San Diego State University’s Independent Student Newspaper Since 1913

The Daily Aztec

San Diego State University’s Independent Student Newspaper Since 1913

The Daily Aztec

San Diego State University’s Independent Student Newspaper Since 1913

The Daily Aztec

Mt. Joy and Wilderado show potential at San Diego concert

Kelly Kerrigan

Wilderado and Mt. Joy concluded their tours on Sunday, April 7 at the Music Box in San Diego, with two raw authentic performances leaving the audience feeling encouraged for the future of both fairly new bands.

Texas native and now-Los Angeles-based Wilderado has three EP’s under its belt, all lush in rich vocals and folk-rock tunes showcasing the band’s southern roots.

The four-man group opened the night with its well-known hit, “Morning Light.” The track featured on the band’s older EP “Latigo” sounds like the sweet beginnings of a summer morning.

The rustic jean jacket-filled crowd nodded their heads in bliss, IPAs in hand, to the band’s folk-rock set. Lively frontman Max Helmerich closed the performance by leaving the crowd with a small piece of advice: “Be good to each other. It’s easier than you think.”

Next up was Mt. Joy, and listening to the band felt like home due to its music evoking memories through the songs’ tender narratives of pain, beauty and surviving life.

The band strolled on stage with the cover of its self-titled album — kaleidoscopic cartoons of sheep, dinosaurs and slowly melting faces — plastered across the screen, illuminating the room with a peaceful ambience much like the music Mt. Joy was soon to perform.

The Philadelphia-based folk group’s following has grown quite large since the release of its debut self-titled album in 2018. With frontman Matt Quinn’s potent vocals and intricate lyrics, it’s a little shocking how talented the band already is, considering it’s only one album deep into its music career.

Mt. Joy led the performance with fan-favorite track “Sheep,” which was re-released, changing the sound from the album version.

The setlist featured nearly every track from the album, and the fans in attendance sang along to every word, showing their strong dedication to the group.  

Mt. Joy has the ability to leave a hopeful resonance in even some of its darkest songs. The band does not cut corners on the struggles faced in life, but rather addresses them in a peaceful and honest way.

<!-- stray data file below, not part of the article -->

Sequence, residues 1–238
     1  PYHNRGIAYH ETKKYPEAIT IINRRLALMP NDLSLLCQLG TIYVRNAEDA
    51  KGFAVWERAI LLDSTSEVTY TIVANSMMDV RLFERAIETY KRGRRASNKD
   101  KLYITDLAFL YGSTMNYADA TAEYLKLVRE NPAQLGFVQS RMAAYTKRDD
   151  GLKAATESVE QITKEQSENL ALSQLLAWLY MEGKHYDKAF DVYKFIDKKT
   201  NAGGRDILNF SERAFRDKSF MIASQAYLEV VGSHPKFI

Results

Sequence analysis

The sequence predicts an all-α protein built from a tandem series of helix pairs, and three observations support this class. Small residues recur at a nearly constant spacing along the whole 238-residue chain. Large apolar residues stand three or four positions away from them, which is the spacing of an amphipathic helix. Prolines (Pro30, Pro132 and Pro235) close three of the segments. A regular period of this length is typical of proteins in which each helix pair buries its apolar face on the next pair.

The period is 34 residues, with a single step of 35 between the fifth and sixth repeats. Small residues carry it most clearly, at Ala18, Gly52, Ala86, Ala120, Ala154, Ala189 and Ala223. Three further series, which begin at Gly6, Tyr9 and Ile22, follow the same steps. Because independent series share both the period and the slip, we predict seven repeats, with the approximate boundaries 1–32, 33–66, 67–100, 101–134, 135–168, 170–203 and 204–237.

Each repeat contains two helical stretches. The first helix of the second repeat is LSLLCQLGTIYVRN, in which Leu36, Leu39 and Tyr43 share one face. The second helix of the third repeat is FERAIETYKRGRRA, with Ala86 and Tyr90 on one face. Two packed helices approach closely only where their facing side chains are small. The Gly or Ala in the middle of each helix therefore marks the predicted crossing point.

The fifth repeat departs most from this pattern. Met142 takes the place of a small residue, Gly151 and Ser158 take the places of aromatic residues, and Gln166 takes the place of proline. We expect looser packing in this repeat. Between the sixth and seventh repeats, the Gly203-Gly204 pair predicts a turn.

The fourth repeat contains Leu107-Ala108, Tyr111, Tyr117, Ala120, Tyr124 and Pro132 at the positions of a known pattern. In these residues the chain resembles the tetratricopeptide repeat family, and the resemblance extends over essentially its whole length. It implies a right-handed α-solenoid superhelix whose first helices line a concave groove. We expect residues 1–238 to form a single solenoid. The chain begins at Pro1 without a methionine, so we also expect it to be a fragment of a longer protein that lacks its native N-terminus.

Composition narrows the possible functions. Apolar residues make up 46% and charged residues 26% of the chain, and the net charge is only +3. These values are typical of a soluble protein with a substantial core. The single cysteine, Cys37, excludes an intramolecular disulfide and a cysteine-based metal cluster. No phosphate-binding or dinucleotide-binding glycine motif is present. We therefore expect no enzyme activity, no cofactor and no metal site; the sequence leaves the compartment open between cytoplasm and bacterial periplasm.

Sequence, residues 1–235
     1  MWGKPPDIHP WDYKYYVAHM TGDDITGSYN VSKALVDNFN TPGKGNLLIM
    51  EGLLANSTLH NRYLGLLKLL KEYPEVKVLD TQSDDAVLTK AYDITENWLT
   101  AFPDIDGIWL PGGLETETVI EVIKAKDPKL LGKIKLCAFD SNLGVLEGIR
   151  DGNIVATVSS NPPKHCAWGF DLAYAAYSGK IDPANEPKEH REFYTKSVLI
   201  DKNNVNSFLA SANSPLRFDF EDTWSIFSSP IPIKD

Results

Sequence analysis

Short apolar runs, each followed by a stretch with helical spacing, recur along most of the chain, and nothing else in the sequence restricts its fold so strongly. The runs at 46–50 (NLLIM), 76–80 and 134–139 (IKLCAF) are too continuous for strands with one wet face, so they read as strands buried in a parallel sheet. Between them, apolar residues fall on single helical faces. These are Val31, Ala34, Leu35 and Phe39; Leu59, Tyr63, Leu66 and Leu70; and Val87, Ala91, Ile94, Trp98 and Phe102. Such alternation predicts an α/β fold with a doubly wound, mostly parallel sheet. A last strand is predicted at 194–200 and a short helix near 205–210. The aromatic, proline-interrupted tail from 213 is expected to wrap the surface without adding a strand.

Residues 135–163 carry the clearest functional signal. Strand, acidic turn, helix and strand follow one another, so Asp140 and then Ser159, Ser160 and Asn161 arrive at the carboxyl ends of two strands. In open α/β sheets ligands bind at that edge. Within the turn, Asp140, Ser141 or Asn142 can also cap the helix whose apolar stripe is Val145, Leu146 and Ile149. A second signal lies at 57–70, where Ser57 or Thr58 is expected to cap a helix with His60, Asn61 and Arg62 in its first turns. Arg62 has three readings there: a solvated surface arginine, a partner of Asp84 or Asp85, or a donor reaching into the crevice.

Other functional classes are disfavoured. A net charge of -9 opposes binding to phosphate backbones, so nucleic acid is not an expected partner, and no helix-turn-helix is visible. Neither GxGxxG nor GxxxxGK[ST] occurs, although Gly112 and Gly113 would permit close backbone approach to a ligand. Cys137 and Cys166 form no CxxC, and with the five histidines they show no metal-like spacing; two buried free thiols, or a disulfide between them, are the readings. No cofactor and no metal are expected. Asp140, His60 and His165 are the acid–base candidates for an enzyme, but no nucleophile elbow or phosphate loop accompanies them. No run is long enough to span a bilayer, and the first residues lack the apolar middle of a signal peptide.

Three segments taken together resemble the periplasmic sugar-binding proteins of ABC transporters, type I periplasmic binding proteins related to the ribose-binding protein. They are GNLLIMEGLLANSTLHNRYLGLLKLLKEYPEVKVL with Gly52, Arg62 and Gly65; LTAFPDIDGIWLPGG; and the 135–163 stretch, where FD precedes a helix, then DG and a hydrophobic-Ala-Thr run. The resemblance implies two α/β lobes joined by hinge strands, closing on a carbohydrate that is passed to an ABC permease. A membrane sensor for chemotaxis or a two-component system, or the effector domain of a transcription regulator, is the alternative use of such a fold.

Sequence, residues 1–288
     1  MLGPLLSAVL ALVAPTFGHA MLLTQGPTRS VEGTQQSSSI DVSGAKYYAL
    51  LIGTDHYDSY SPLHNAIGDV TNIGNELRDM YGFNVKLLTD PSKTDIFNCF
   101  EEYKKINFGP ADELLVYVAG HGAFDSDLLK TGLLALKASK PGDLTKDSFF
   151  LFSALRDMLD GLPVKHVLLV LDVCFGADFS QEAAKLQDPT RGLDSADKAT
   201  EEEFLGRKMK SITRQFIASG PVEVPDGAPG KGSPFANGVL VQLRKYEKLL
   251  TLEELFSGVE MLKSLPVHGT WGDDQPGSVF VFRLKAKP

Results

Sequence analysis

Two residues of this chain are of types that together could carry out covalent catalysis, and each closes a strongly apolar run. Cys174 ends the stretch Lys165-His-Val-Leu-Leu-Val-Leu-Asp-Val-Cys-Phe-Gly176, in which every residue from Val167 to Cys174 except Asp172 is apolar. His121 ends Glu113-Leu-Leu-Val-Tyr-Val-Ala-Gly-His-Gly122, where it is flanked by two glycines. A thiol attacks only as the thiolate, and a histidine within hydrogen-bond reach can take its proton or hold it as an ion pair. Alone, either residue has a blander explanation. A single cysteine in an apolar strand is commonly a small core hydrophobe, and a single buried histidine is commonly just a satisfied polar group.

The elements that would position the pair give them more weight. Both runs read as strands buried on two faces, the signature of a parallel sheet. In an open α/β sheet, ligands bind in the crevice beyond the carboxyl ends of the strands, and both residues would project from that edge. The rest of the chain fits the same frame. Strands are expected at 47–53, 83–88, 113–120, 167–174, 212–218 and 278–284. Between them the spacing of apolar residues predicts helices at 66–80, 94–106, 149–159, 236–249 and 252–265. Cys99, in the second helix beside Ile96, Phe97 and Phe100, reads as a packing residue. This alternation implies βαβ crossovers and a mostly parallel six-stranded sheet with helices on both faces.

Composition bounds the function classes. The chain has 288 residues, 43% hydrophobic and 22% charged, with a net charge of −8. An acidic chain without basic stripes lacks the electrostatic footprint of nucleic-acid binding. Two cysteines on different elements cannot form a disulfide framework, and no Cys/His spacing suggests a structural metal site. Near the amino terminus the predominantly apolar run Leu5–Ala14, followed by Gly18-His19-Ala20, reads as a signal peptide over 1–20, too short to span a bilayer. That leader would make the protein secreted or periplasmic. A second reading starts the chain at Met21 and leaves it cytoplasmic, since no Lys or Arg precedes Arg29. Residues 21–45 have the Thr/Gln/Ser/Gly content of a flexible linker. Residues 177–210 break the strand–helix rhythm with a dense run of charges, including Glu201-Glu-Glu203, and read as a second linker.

“If I don’t wake up, trace me on the asphalt / let the morning rain wash me away” Quinn sang during the poignant song “Younger Days.”

The lyrics of each song are detailed and specific, but each individual who listens is able to walk away with their own meaning, as the band successfully communicates overarching themes on the nature of being human.

“The concert was incredible, and Matt Quinn is a legend,” management information systems senior Lucas Baiocchi, who now has seen the band twice in concert, said.

Two new songs, “Bug Eyes” and “Ruins,” were performed, and the crowd listened along, hypnotized by the promising future of Mt. Joy.  

The setlist ended with the band’s most popular track “Silver Linings,” a song about finding the smallest sliver of light on even the darkest days,

“And wear your silver lining/ Wear it close to your skin” the band chanted to the audience.

Every difficult vocal heard on the album was relayed in concert just as emotionally and impressively as what is heard on Spotify or Apple Music.

Coming back for an encore, Mt. Joy left the crowd with “Julia,” a song which tells the story of a nervous man entranced by the “big brown eyes” of his server at a restaurant.

“But Julia, fix me a blue sky in the world sun / And I’ll be back now / Julia, how long, how long till I’m all gone?” Quinn sang during the ballad as fans screamed along, echoing throughout the venue.

The song took a turn halfway through as the band mixed in the Bill Wither’s classic “Ain’t No Sunshine,” and then concluded with the final 60 seconds of “Julia.”

“I liked how they mixed in ‘Ain’t No Sunshine’ into ‘Julia’ for the finale and how small the venue was,” biology senior Chase Bishop said.  

As seen during the set, Mt. Joy has new music under wraps and the songs foreshadowed an album equally as pure and lived in as its first album. Even on the hardest days, Mt. Joy makes finding silver linings easy through its music.

About the Contributor
Kelly Kerrigan, Senior Staff Writer
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San Diego State University’s Independent Student Newspaper Since 1913
Mt. Joy and Wilderado show potential at San Diego concert